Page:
Virtualization has been making significant inroads as a viable technology in a variety of applications, not least of which is business continuity and disaster recovery. Virtualization's intrinsic features of encapsulation, consolidation, and independence from the hardware platform can make disaster recovery solutions more manageable, flexible, and less costly.

Thanks to a virtual machine's (VM's) encapsulation properties—in which the complete computing environment contains the OS, BIOS, applications, data, and virtualized hardware—you can recover VMs to any supported AMD- or Intel-based server without worrying about the differences in the underlying physical hardware. Thus, the physical-world necessity to restore to an identical server (i.e., make, model, and configuration) doesn't apply: System-compatibility concerns between the hardware and OS at the recovery site are eliminated, making recovery much more reliable. Another virtualization benefit is the ability to consolidate servers at the recovery site by hosting multiple VMs on one physical server. During a failover scenario, it's often acceptable to temporarily provide somewhat lower application performance. This ability to oversubscribe hardware with multiple workloads with minimal performance impact makes this disaster recovery model economically attractive. During day-to-day operations, you can also use the servers at the recovery site to handle test and development workloads. Then, when a disaster occurs, you can repurpose those servers by shutting down those jobs and starting up the recovery VMs. In this way, resources are fully utilized and system reconfiguration is kept to a bare minimum.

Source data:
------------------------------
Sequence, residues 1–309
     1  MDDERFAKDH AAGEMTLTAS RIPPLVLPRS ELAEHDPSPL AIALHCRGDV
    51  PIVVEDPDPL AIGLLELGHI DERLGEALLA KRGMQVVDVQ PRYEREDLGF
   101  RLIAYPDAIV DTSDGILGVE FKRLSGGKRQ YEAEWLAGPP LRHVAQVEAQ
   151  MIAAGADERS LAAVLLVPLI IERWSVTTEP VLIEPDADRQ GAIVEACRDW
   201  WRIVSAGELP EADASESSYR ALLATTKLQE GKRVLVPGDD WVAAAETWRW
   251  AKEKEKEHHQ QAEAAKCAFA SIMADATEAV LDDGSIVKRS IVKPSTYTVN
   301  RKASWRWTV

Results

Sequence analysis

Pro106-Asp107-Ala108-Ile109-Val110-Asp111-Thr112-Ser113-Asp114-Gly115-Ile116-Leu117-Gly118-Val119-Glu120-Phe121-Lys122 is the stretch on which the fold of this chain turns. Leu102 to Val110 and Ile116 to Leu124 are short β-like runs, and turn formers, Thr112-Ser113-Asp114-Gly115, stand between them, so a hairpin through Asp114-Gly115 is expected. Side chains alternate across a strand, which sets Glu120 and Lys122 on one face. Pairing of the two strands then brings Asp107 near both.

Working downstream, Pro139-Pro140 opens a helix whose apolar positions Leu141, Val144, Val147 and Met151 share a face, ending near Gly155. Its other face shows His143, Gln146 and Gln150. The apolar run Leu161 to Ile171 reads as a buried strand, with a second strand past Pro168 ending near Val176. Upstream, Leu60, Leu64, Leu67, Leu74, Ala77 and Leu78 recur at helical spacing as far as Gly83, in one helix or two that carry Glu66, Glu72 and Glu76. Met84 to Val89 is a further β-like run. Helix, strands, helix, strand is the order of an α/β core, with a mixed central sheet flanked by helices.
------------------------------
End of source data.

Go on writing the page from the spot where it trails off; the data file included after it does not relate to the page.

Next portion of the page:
So, how do you start utilizing virtualization as part of your company's disaster recovery process?

Getting Started
Let's assume that your business is running several Windows applications, each on a dedicated server with local SCSI storage. You have no shared storage devices—Fibre Channel SAN, NAS, or ISCSI—in your environment. Your applications are tiered in terms of how critical they are to your business. For this exercise, let's suppose you'd like to initially focus on your second-tier applications, which have less stringent Recover Point Objective (RPO) and Recovery Time Objective (RTO) requirements. Your current environment and business requirements will determine the mechanisms that are viable for replicating the data from the production site to the recovery site.

Microsoft's Virtual Server and VMware's ESX Server lead the market in the server virtualization space. Both offer comparable functionality, and although this article references the ESX Server virtualization platform, you could adapt the process workflow to apply to a Virtual Server environment. Virtual Server installs on an existing Windows host OS, such as Windows Server 2003 and Small Business Server (SBS) 2003. In contrast, ESX Server installs directly on your server hardware—or "bare metal"—and inserts a virtualization layer between the hardware and the individual guest OS. ESX Server partitions a physical server into multiple secure and portable VMs that run side by side on the same physical server. The virtualization layer abstracts the underlying processor, memory, storage, and networking resources into the multiple VMs.